Heal the Sick Prayer
Lord Jesus Christ, thank you, that you hear and answer my prayers. You sent out your disciples with the command to heal the sick, raise the dead, cleanse the lepers and drive out demons. They were able to do this because of your mighty power working in and through them. I ask for that same power to touch my life and provide the healing and recovery I need. Nothing is impossible for you. You can do more than I can ask or even imagine. Extend your healing touch to me, Lord. In your powerful name. Amen.

Healing Light Prayer
Heavenly Father, thank you that you can satisfy my every desire and need. Your word says that, for those who honor your name, the sun of righteousness will rise with healing in its rays. Cause your light to shine on me at this time and restore me to full health. Please help me to find strength in you, whatever my circumstances may be. May grace, mercy, and peace be with me, from God the Father and from Jesus Christ the Son, and the Holy Spirit in truth and love. Amen.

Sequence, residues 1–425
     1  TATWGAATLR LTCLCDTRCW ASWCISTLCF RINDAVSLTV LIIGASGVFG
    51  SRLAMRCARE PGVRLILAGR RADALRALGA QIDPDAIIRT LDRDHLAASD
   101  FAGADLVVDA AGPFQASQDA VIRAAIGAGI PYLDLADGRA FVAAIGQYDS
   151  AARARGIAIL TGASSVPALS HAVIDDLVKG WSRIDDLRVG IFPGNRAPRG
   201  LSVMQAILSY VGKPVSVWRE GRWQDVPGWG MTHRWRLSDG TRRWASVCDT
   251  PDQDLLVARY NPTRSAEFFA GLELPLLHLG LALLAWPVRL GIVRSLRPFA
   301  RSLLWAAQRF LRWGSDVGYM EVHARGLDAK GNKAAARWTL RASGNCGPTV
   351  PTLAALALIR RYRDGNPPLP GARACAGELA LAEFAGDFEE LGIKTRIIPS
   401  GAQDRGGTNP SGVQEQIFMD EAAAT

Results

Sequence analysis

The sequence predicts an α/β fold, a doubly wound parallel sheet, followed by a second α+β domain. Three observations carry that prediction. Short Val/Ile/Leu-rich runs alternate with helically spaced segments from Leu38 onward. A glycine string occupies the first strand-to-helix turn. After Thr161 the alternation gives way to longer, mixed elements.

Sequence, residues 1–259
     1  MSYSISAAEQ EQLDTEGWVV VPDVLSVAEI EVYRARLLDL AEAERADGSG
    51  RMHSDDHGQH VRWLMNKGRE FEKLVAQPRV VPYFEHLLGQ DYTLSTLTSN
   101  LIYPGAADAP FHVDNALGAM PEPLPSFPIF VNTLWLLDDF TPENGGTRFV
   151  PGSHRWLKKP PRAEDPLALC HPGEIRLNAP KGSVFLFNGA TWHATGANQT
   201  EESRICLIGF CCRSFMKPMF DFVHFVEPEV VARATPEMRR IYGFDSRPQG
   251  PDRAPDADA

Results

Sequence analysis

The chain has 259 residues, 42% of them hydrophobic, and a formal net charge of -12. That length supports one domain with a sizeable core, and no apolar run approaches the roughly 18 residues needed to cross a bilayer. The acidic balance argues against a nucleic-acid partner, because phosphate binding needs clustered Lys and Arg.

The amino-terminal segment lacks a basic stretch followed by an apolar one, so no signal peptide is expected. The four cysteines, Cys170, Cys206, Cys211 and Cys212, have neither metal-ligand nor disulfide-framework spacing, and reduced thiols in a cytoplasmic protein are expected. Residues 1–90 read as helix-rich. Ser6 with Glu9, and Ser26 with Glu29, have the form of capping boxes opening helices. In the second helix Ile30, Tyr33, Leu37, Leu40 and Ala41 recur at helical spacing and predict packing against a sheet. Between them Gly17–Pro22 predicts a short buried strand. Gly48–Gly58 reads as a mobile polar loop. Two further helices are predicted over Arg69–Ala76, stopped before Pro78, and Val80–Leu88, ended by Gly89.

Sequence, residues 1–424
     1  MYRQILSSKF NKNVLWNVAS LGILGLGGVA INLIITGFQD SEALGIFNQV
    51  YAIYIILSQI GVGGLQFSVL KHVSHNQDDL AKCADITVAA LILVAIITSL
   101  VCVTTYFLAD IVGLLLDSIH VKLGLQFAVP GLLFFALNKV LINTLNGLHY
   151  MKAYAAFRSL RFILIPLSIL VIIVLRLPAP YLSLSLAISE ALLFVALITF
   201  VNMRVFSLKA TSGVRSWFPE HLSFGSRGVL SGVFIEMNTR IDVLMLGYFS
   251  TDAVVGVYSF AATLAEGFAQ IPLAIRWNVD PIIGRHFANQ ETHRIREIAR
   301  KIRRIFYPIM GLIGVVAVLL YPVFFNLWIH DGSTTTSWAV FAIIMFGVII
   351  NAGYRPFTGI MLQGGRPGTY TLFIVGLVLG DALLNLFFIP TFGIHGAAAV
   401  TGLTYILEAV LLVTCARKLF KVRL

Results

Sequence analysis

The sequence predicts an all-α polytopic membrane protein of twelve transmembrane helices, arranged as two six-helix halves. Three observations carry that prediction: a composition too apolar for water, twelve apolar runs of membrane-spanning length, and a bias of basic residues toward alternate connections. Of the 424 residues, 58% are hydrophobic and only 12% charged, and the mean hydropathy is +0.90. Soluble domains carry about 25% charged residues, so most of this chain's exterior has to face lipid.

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LILLET TONIQUE

Low-alcohol cocktails have always been popular in Europe, especially during the predinner hour as an appetite simulator. They’ve become increasingly appreciated in the United States in recent years, and we are big fans of this trend.

For this low-alcohol aperitif, we turned to Lillet, an elegant fortified wine from France that has been automatized with citrus and herbs. It’s similar to vermouth in that its alcohol content is greater than that of wine but less than that of a liqueur or a spirit. The original formula, dating to the 1870s, contained quinine (the ingredient that wards off malaria and makes tonic water bitter), but that was removed in the 1980s, making the current iteration of Lillet lighter and more citrus-forward.

Traditionally Lillet is served on its own over ice as an aperitif, but we wanted to create a cocktail with it, one that was playful while still maintaining the aromatized wine’s air of sophistication. So we decided to put the quinine back in. And our tasters agreed—we initially tried to add fizz via plain seltzer instead of tonic, but they found this version lacking in flavor and complexity.